Eye HealthLifestyle Topics
"No Rub" a No Go
To prevent infection, use the "rub and rinse" method to clean your contacts, even with "no rub" solutions.
Eye Protection at Home
Every household should have at least one pair of ANSI-approved protective eyewear for risky activities.
Blood Sugar and Eye Exams
Control your blood sugar for several days before a routine eye exam to ensure you get a proper prescription for eyeglasses.
Tell Your MDs All Your Rx
If you have glaucoma, tell your Eye MD all medications you take, and tell your other doctors about your glaucoma medication.
Sleep Apnea and Glaucoma
Research shows that those with sleep apnea are more likely to develop glaucoma. Get treated to save your sight.
What Is an Ophthalmologist?
Are You Fit at 40?
A baseline eye exam is recommended at age 40, when the signs of disease and changes in vision may start to occur.
Keep Your Eyes Safe and Beautiful
Eye injuries and infections from using makeup improperly happen all too often. Department store and drugstore makeup aisles are filled with a tempting array of makeup colors and products for the eyes. But knowing how to apply and remove eye makeup properly will not only make your eyes beautiful, like those of the models on the runway, but will protect your vision as well. We want to remind the public to use eye makeup safely when creating those amazing looks.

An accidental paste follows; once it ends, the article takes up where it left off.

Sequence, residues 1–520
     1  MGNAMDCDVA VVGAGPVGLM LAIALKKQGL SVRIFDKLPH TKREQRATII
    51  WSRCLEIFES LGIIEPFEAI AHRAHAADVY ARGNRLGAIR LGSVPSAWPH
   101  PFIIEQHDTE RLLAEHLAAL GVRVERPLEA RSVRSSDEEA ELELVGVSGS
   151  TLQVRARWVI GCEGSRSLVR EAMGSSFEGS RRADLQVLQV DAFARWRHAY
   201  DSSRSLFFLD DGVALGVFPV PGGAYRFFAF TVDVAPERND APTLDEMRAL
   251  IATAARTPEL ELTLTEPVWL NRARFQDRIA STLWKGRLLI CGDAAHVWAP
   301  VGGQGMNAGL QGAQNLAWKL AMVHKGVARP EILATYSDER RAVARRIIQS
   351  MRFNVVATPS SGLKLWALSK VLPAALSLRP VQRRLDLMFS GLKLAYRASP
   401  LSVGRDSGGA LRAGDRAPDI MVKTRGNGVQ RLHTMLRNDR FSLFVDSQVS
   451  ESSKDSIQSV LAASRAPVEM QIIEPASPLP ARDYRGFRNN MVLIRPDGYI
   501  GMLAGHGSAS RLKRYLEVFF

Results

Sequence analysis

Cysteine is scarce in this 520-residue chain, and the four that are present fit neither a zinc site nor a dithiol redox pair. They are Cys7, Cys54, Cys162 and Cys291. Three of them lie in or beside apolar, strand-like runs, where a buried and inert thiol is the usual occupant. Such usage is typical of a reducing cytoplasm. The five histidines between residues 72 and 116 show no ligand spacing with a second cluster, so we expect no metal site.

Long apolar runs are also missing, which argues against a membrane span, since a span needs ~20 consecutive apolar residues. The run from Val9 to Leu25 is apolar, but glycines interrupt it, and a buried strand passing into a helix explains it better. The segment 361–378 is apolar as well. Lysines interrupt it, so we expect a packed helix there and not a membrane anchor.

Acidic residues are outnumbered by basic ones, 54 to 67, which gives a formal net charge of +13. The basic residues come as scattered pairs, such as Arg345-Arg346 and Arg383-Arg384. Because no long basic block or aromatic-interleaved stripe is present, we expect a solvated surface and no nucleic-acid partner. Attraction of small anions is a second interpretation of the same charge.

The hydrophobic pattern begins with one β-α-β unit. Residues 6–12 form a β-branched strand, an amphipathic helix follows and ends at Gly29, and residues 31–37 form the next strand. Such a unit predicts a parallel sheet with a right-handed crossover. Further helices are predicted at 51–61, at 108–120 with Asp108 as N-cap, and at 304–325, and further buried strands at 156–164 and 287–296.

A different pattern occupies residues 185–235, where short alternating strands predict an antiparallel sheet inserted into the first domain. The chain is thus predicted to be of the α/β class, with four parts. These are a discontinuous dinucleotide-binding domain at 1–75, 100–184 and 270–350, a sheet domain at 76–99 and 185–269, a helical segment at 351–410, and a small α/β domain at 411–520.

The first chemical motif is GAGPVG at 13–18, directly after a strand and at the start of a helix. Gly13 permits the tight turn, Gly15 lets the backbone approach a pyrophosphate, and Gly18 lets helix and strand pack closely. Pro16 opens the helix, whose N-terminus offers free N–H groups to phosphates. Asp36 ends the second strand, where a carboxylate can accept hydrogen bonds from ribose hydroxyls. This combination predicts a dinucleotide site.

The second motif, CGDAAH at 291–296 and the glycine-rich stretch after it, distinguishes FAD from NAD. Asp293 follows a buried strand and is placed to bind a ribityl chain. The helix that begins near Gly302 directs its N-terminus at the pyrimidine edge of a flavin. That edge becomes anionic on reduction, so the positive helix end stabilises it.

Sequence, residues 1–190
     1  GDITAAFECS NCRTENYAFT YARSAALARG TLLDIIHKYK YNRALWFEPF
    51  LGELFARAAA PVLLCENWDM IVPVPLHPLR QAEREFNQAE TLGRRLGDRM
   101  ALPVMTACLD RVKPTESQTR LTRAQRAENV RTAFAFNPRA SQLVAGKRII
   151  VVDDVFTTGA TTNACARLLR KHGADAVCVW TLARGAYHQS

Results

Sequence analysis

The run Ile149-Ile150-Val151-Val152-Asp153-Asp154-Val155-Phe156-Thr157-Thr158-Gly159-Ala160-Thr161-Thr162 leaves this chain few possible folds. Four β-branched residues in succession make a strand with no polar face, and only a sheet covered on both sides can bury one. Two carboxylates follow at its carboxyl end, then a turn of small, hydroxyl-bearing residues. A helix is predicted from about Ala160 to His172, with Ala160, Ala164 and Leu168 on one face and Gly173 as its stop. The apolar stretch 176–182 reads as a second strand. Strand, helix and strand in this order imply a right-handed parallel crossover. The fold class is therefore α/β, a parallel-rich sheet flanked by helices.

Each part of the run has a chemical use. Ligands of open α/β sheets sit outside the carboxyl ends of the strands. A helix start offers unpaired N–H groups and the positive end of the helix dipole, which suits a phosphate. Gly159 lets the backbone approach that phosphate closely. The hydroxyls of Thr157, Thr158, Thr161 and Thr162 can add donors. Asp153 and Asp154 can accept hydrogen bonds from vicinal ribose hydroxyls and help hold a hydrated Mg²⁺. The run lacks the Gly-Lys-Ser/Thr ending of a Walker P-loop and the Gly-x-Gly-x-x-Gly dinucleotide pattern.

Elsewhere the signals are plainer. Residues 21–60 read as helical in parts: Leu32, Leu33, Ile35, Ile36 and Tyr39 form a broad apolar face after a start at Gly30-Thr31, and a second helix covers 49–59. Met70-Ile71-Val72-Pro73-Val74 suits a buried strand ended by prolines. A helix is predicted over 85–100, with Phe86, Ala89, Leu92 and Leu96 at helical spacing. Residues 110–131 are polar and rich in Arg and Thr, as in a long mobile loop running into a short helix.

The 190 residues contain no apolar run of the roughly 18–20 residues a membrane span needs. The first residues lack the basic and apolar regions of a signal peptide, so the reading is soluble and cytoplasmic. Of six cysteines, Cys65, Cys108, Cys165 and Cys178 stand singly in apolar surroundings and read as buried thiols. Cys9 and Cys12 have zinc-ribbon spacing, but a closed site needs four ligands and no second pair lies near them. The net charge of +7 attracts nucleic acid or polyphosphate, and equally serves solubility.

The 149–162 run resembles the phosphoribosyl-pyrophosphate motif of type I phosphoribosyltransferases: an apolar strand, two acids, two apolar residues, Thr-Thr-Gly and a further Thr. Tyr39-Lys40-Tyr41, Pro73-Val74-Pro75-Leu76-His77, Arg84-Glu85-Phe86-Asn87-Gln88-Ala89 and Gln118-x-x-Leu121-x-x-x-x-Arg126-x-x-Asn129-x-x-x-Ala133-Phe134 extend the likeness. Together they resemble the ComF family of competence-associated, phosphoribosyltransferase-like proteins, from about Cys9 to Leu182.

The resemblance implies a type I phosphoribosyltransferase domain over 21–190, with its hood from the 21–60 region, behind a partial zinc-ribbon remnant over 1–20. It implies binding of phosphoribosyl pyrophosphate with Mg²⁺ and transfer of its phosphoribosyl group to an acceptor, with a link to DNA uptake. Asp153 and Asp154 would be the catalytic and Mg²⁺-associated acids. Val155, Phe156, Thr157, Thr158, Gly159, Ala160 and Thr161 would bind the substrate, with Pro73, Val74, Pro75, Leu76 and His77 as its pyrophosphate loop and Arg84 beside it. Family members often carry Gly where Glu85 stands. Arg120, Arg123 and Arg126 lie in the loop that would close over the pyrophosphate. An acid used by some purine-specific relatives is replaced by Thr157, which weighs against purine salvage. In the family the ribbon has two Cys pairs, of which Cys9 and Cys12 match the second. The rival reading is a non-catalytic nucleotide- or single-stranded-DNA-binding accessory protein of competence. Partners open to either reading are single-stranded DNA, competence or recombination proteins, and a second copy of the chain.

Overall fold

Remember that makeup expires. Eye makeup should be thrown away three months after it is purchased but immediately if you develop an eye infection when you are using it.
If you have a history of being sensitive to new products, try introducing only one product at a time. If there is no reaction, add another new product. Adding too many products at once makes it difficult to pinpoint which one is causing the reaction. If you notice that you are sensitive to a specific product, find out what the ingredients are and bring that to your doctor's attention.
When applying makeup, be sure your face and eyelids are very clean before you begin. To prevent poking yourself in the eye with an applicator, never apply makeup while you are in a moving vehicle.
If you tend to have dry eyes, makeup that flakes and gets into the tear film can increase irritation. If particles get between the contact lens and corneal surface, they can scratch the cornea and may lead to infection. Occasionally a corneal abrasion can become infected, leading to a potentially blinding corneal ulcer.
At night, remove all eye makeup, especially mascara that can stick to the lashes. Use a clean cotton swab to brush along the base of the eyelashes to get the last resistant debris of eye makeup off. If you use an eye makeup remover, be sure not to get any in your eye. When you are done, rinse the remover off your eyelids completely to avoid possible irritation of the eye or lids.